Inhibition of ataxia-telangiectasia mutated (ATM) during radiotherapy of glioblastoma multiforme (GBM) may improve tumor control by short-circuiting the response to radiation-induced DNA damage. A major impediment for clinical treatment is that current inhibitors have limited central nervous system (CNS) bioavailability.
The aim of their paper “Orally Bioavailable and Blood-Brain Barrier-Penetrating ATM Inhibitor (AZ32) Radiosensitizes Intracranial Gliomas in Mice.” Karlin J, Allen J, Ahmad SF, Hughes G, Sheridan V, Odedra R, et. al. was to identify ATM inhibitors (ATMi) with improved CNS penetration.
Drug screens and refinement of lead compounds identified AZ31 and AZ32. The compounds were then tested in vivo for efficacy and impact on tumor growth and brain function. Both AZ31 and AZ32 blocked the DNA damage response and radiosensitized GBM cells in vitro. AZ32, with enhanced blood-brain barrier (BBB) penetration, was highly efficient in vivo as a radiosensitizer in syngeneic and human, orthotopic mouse glioma models compared with AZ31. Furthermore, human glioma cell lines expressing mutant p53 or having checkpoint-defective mutations were particularly sensitive to ATMi radiosensitization. Image guided radiation therapy was delivered using the Small Animal Radiation Research Platform (SARRP).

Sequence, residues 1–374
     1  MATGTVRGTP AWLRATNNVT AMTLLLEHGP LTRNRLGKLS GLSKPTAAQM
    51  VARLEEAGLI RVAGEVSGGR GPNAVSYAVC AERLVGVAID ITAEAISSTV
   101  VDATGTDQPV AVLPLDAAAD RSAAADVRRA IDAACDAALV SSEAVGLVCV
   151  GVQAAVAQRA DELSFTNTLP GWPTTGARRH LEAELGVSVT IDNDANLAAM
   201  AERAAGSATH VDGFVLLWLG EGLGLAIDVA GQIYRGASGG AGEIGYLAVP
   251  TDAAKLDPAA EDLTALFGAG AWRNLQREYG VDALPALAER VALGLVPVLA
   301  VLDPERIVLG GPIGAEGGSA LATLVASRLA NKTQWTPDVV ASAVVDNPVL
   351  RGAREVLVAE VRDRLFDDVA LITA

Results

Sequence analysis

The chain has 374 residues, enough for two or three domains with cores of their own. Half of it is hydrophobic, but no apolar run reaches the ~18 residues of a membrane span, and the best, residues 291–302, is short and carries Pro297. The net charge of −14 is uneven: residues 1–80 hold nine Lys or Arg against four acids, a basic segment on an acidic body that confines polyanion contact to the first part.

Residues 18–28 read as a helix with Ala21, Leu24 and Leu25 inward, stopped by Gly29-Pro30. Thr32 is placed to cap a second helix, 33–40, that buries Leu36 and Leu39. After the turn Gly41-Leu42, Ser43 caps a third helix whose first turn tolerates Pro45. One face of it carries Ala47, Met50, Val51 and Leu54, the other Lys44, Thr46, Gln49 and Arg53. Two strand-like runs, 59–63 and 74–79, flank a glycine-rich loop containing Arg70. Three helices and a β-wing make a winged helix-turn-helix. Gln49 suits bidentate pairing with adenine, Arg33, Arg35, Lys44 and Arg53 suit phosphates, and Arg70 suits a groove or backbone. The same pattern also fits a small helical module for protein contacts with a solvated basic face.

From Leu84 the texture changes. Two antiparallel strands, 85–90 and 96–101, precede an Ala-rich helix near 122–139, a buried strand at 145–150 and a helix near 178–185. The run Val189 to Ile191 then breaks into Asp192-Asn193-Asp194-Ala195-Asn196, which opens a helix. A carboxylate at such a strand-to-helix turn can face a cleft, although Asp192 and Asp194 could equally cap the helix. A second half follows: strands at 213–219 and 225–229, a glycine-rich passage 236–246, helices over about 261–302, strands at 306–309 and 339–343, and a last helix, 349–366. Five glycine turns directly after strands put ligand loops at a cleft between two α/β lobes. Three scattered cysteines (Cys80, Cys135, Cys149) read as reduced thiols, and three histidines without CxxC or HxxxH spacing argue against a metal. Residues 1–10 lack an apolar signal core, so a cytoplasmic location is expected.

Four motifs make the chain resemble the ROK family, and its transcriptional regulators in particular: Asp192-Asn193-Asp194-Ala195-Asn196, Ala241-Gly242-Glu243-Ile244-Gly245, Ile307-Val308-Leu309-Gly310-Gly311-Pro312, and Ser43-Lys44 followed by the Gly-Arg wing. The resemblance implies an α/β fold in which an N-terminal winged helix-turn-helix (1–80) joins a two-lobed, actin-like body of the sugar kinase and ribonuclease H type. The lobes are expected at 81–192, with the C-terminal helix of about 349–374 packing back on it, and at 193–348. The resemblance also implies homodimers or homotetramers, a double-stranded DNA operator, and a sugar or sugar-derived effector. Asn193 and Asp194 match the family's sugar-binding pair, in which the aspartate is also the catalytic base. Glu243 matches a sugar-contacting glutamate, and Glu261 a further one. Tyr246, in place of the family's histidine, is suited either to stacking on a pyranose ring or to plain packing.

The mechanism for this p53 effect involves a propensity to undergo mitotic catastrophe relative to cells with wild-type p53. In vivo, apoptosis was greater than 6-fold higher in tumor relative to healthy brain after exposure to AZ32 and low-dose radiation.
They found that AZ32 is the first ATMi with oral bioavailability shown to radiosensitize glioma and improve survival in orthotopic mouse models. These findings support the development of a clinical-grade, BBB-penetrating ATMi for the treatment of GBM. Importantly, because many GBMs have defective p53 signaling, the use of an ATMi concurrent with standard radiotherapy is expected to be cancer-specific, increase the therapeutic ratio, and maintain full therapeutic effect at lower radiation doses.
This Xstrahl In Action was adapted from a article found on a National Library of Medicine website.